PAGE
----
St Paul’s Parish to Relocate for Manly State School Expansion Project

St Paul’s Parish to Relocate for Manly SS Expansion Project

St Paul’s Parish will be moving to Anglicare SQ Chapel at Edwin Marsden Tooth Memorial Home (also known as Lota House) after selling its church premises to the Education Department. The decision was made in consideration of the planned expansion of the Manly State School.



“The Parish of St Paul’s has voluntarily opted to sell the site of our current church to enable the expansion of Manly State School,”  St Paul’s Anglican Church March 2022 Notice of Public Meeting said.


The notice furthered that the decision was a proactive response to the church’s “ministry context” and for the benefit of the Manly community. Despite the sale, the parish, however, will continue to service the local community.

“While this is a sensitive subject, everyone from the Bishop to the local MP and many others have expressed how impressed they were with our professional approach, community culture and Christian love,” St Paul’s Parish Priest, Daniel Hobbs wrote in his May 2022 Pastoral Message.


“I was truly gobsmacked by how well the Public Meeting went! With this important piece of work behind us, we move now to two tasks that require input from our whole parish: 1) Lota House Chapel restoration and 2) Our model of ministry for when we get there.”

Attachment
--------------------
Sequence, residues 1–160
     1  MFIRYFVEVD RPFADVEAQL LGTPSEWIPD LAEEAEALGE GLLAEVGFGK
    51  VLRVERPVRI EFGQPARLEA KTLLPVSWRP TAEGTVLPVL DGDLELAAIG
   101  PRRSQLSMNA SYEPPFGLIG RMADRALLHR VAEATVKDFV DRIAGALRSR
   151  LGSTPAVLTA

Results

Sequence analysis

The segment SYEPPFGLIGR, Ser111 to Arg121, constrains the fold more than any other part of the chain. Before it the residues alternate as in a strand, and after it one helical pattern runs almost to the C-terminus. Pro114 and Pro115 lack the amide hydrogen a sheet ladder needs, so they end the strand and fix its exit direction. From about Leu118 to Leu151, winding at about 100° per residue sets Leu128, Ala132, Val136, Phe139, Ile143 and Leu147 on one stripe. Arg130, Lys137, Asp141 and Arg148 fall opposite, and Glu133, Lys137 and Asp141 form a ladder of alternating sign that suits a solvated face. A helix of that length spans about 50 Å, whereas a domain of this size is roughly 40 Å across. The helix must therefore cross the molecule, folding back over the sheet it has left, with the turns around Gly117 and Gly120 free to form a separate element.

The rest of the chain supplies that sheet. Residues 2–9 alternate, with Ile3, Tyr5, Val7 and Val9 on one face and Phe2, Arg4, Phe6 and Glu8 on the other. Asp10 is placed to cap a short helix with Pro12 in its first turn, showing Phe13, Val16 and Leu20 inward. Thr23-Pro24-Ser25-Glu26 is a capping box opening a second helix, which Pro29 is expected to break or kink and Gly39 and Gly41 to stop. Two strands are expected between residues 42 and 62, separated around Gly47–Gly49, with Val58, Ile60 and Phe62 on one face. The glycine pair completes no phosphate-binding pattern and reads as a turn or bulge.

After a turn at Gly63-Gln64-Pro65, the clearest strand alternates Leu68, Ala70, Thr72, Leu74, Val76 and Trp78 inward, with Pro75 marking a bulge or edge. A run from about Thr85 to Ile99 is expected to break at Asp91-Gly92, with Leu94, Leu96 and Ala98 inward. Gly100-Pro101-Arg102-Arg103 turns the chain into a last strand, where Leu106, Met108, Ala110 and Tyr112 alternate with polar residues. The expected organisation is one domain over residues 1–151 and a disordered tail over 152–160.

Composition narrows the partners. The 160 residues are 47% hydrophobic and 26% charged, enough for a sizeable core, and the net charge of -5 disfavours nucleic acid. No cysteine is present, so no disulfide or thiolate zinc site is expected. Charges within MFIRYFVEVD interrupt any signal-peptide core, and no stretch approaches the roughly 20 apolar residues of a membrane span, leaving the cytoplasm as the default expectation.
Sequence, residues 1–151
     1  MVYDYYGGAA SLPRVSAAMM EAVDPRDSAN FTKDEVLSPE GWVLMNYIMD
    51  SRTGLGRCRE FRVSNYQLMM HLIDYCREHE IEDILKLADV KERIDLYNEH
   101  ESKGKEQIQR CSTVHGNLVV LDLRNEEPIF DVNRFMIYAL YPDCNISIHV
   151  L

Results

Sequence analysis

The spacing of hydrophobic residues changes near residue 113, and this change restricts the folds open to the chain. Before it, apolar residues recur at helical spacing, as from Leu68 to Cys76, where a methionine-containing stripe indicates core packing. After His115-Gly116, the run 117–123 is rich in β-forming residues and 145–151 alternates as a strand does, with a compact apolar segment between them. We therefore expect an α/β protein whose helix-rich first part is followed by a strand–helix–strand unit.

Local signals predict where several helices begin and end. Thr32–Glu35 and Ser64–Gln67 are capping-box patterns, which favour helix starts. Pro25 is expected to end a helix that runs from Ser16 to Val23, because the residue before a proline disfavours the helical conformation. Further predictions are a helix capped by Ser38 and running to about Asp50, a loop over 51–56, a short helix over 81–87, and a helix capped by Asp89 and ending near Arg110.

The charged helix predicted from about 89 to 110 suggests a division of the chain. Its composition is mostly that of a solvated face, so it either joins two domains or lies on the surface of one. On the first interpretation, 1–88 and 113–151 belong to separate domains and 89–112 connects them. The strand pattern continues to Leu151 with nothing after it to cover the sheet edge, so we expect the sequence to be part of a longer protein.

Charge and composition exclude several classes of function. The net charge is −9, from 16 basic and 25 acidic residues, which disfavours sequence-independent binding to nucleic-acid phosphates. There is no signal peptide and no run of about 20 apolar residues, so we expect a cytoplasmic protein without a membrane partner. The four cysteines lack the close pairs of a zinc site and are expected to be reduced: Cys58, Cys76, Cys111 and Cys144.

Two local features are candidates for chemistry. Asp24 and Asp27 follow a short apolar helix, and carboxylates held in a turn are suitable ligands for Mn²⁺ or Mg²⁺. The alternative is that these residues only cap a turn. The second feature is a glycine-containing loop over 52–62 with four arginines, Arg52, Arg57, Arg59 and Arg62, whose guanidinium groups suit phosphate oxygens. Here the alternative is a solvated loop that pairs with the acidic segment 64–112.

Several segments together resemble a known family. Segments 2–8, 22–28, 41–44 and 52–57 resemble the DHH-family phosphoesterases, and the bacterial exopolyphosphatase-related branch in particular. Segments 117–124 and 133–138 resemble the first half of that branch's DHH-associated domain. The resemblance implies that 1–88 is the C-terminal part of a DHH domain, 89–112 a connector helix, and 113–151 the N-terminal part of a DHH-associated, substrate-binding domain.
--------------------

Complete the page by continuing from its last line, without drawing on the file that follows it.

Manly State School is set for major expansion with a new multi-storey building to enable the school to keep up with its enrolment growth. The $11.6-million learning centre will contain general learning spaces plus a music centre and an outdoor learning space.

Currently, the Manly SS has a maximum capacity of 707 students. Last year, enrolments have risen to 701 from 657 the year before. The expansion project has been welcomed by bayside locals including Councillor Peter Cumming who recognised the need for more learning spaces and play areas at the school.

Manly State School’s neighbouring place of worship, St Paul’s Parish Church on 99 Ernest Street, had its timber hall constructed in 1914 with succeeding developments in 1932 which saw the addition of a sanctuary, an altar and chancel as well as the construction of the vicarage. It was not until 1964 that the church was built on the same site.